Are You Ready For the Big One?
On March 10, 2014, a 5.1 earthquake rattled the Los Angeles area – with a 4.1 aftershock following the next day – reminding state residents of the ever-looming “big one” that California has been anticipating for many years. The quake likely caused senior management of more than a few companies to see what earthquake coverage they had in place.
It has been two decades since the Northridge earthquake shook Los Angeles, registering a 6.7 on the Richter scale and causing an estimated $42 billion in damage, and Californians are more unsettled than the ground beneath them. The most recent tremors have prompted many questions. What has changed since 1994, and how would companies and insurance markets react if another 6.7-plus earthquake struck the West Coast? According to the U.S. Geological Survey, there is a 99% chance it will happen in the next 30 years.
Learning from the past
If we have learned anything from events such as the 2013 Japanese earthquake and Superstorm Sandy, it’s that they clearly can have a significant, if not catastrophic, effect on companies well outside the “danger zone.” Over the past 20 years, markets, industries and companies have become increasingly interconnected and interdependent. The components manufacturer in Asia, for example, affects the technology company in California, which in turn affects the retailer on the East Coast.
The mega events of the past decade and a half have opened the eyes of global organizations to the need to recognize and plan contingencies for catastrophic events – even the need for a backup plan for their backup plans. In response, companies have become more sophisticated in understanding and developing their supply chains and crafting continuity plans to mitigate some of the inherent risk of operating interdependently with others in these high-hazard areas. As the world economy continues to shrink, with companies expanding globally via partnerships, joint ventures and operating agreements, the level of operating specialization and interdependency has dramatically increased, and the need for a safety net for these risks has increased in importance.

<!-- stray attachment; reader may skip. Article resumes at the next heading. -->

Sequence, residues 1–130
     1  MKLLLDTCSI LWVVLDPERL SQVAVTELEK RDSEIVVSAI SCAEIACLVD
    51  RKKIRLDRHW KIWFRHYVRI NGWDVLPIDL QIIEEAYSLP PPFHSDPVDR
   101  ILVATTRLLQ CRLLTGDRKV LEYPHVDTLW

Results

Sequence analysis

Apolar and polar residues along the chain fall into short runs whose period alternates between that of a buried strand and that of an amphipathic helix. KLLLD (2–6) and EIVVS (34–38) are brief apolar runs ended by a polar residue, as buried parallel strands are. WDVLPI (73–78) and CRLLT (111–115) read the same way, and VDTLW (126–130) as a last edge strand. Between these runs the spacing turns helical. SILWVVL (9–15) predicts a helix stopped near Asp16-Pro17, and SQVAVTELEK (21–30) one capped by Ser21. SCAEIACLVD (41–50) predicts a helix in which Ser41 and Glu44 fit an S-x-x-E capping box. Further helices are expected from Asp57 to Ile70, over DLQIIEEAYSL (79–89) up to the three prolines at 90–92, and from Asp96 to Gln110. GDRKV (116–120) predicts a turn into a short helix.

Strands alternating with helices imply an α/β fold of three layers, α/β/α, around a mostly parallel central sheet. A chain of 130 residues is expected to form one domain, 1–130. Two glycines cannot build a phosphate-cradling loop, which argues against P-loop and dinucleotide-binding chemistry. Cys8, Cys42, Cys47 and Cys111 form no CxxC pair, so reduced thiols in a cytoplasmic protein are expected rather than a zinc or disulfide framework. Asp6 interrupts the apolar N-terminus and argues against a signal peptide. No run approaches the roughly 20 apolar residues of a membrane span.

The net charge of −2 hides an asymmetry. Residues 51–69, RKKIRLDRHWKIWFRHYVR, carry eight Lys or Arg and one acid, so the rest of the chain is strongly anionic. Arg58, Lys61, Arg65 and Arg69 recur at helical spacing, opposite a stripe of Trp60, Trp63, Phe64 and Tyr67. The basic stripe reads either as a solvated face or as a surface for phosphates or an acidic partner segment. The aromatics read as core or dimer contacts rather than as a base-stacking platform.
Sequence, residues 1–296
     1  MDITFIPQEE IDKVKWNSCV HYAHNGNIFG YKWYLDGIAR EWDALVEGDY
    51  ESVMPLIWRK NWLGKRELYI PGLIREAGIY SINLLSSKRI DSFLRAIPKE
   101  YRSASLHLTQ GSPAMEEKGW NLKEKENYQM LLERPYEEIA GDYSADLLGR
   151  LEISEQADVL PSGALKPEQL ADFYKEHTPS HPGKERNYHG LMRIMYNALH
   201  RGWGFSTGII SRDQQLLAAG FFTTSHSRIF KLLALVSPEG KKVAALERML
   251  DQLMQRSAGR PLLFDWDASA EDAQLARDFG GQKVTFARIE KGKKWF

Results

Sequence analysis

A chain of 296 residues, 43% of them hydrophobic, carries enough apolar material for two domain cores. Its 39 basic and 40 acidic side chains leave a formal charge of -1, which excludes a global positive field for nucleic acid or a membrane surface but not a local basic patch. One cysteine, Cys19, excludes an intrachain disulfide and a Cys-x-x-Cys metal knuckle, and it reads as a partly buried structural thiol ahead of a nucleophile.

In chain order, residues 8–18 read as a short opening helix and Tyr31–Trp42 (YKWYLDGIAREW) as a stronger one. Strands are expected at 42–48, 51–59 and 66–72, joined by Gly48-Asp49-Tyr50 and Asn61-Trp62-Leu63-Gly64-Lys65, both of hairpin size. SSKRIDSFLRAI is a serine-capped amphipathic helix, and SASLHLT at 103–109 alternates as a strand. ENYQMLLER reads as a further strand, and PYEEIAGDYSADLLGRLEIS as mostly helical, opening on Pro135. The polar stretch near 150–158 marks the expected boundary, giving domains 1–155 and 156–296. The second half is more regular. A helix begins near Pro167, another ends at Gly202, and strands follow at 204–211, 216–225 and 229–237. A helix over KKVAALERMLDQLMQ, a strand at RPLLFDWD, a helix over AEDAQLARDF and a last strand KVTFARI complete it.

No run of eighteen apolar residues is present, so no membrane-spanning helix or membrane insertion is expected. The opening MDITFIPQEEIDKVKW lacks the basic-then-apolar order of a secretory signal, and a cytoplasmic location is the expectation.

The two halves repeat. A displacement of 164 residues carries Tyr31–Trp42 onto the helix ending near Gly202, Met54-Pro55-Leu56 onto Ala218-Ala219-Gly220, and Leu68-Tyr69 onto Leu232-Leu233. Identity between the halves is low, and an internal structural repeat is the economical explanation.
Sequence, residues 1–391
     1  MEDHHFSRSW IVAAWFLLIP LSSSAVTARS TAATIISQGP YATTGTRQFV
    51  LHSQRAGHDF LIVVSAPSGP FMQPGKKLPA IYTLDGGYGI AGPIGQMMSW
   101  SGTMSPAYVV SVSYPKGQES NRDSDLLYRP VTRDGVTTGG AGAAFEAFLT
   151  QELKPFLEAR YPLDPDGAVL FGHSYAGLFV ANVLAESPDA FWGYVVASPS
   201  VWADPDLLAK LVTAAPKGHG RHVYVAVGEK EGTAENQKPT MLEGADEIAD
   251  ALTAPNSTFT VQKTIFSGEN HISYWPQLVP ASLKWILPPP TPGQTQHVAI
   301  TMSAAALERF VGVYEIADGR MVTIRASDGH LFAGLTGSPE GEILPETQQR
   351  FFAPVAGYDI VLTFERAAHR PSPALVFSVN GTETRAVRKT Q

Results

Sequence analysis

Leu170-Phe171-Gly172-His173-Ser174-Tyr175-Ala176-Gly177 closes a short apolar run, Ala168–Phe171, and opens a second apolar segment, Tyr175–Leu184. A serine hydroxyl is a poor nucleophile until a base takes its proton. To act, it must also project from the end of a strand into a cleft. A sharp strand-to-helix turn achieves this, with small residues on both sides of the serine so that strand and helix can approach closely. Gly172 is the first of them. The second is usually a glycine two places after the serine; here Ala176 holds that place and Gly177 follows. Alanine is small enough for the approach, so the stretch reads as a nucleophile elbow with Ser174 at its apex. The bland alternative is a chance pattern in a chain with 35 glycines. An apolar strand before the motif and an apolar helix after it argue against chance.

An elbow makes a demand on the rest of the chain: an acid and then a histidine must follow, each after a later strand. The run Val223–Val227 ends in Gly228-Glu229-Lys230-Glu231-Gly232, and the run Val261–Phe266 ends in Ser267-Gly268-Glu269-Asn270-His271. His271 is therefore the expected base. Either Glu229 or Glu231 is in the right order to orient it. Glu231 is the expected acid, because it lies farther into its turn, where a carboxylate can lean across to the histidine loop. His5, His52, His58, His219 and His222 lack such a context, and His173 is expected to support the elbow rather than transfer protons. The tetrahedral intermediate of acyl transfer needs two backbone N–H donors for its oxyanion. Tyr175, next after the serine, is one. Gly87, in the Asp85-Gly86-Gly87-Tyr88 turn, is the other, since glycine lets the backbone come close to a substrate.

Enter the insurance carriers
The eyes – and pockets – of the insurance markets have also been opened as a result of the last 20 years of catastrophic events. This is evidenced by changes in insurance policies and endorsements available in, or eliminated from, the market.
Billions in losses resulting from storm surges after hurricanes resulted in more expansive flood exclusions. Massive earthquakes that result in large contingent losses drive more restrictive sublimits on contingent business interruption coverage. From terrorism exclusions to limits on asbestos claims, the list goes on. As insurers experience more complex losses, they become wary about the risks they take on, which affects their willingness to underwrite.
Planning for recovery
Ultimately, events like the one in Los Angeles highlight the importance of preparedness – and not just operational preparedness. It is also crucial to understand that as a business changes, expands, acquires or divests, the risks of catastrophic loss change with it. Financial recovery is a critical element of the disaster recovery plan, and one that is not always considered until after it is too late. An otherwise well-crafted plan that fails to consider the liquidity needed to implement, is not a “recovery” plan at all. Are you ready for the big one?
The views expressed herein are those of the author and do not necessarily reflect the views of Ernst & Young LLP. This material has been prepared for general information only and is not intended to be relied upon as accounting, tax or other professional advice. Please refer to your advisors for specific advice.
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